Month: August 2013

Discrete deployment terms unfit for the hybrid world, warns Claranet

In a hybrid world, in which any combination of cloud services may be consumed by a single customer, rigid definitions of cloud deployment models may serve to hinder rather than promote innovation, Claranet warns today.

Michel Robert, Claranet’s UK managing director, says:

Definitions such as PaaS or IaaS have been useful in a rapidly evolving market in differentiating between cloud services and the attributes of each. However, the reality is customer requirements tend to be best addressed by combining different elements of these services together. The result is that while many organisations want a to take advantage of cloud services, the categories of cloud can create a false sense of inflexibility and confusion as to the best way forward.

“IaaS and PaaS as stand alone services may not be suitable, particularly for the mid-market, where many customers are looking for managed services to remove the burden of application and infrastructure management. In many cases, it will be a mix of services which will be required – satisfying their need for both control and ease of management” he continued.

Robert went on to suggest that with the predicted hybridisation of the cloud industry, deployment terms will become increasingly unhelpful, and that businesses would need to take a more holistic view of their IT requirements:

“The relevance of these discrete terms is diminishing. Analysts and technology firms are predicting a hybrid world, mixing on-premise IT with off, mixing dedicated with shared hosting, and mixing public and private cloud.

“The new realities of cloud adoption mean that businesses need help in making the move to cloud and plotting their migration paths. MSPs should be looking to leverage the range of cloud services as components of a service rather than the service itself. In doing so, there will be greater innovation and customer requirements will be better served,” Robert concluded.

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Kremlin goes back to the future to secure data – but managed services will be more practical for most, says Claranet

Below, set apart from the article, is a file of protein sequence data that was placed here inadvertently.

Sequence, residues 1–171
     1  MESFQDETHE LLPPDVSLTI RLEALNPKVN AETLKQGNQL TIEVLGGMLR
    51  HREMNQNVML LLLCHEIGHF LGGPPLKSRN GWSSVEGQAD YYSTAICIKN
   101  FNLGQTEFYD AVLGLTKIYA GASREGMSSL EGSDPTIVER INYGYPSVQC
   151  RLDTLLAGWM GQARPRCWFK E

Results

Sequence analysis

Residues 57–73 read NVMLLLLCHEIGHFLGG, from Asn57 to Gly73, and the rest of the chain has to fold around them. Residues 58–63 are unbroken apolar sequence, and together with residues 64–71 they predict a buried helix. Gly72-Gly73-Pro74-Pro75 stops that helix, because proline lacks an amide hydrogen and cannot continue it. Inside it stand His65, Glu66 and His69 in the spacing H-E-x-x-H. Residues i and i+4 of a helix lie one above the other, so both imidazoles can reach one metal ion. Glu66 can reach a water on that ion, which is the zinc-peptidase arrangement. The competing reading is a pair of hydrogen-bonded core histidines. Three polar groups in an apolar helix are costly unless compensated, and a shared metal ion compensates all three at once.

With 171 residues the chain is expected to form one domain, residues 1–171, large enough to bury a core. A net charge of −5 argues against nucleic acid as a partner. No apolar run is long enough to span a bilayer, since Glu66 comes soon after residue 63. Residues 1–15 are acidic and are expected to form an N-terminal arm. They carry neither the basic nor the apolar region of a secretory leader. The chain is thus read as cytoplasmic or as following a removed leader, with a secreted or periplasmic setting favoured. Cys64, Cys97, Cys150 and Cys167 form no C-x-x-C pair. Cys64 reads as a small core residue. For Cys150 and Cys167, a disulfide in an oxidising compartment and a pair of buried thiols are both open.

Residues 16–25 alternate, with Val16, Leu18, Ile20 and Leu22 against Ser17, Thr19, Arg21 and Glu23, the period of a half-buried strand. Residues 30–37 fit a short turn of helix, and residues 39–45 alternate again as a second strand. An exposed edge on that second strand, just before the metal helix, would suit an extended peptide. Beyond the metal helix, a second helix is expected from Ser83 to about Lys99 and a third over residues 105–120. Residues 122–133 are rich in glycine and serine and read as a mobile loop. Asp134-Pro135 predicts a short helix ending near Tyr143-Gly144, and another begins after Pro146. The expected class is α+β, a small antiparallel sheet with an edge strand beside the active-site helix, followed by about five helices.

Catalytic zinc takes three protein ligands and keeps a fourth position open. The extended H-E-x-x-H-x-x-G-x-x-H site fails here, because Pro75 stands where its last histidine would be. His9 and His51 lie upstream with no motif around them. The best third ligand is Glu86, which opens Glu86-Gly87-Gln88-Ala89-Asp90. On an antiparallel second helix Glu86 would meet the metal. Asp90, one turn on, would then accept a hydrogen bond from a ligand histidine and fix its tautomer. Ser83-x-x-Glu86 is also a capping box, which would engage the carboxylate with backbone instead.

While the news that the Kremlin is going to spend £10,000 on a number of electronic typewriters in an attempt to eliminate the risk of damaging data leaks might raise a chuckle, it does show the level of concern over how best to safeguard sensitive data in an increasingly complex IT world, says Claranet Managing Director Michel Robert.

Increasing the creation of paper documentation is probably not a great idea,” Robert said. “Not only can it be difficult and time-consuming to identify valuable information in paper documents, but they can also represent a security risk themselves, especially from internal threats. And that’s before even considering the threats posed by fire, flood, or other natural disaster that might destroy those documents.”

As the vast majority of data is created by business systems, the primary focus remains on securing IT systems, Robert said: “If you are concerned about safeguarding your data, your first step should be to evaluate how much of your data is actually sensitive, how long it needs to be retained for, and how often it will be accessed. In taking this approach there is the opportunity to reduce complexity and the volumes of data stored securely.

“Having completed this audit, IT decision-makers can focus on building the right mix of internal and external services to meet their requirements. It is important to carefully consider network security and resilience, including private MPLS networks, encryption, and integrated 3G services to address mobile working,” he continued.

“Not all managed service providers are born equal, however. Organisations need to identify a provider with the capacity to supply integrated hosting, communication, and network services, providing a solution that is bespoke to their needs. Transparency over how and where data is stored is also crucial, with in-country data centres providing assurances as to sovereignty,” Robert concluded.

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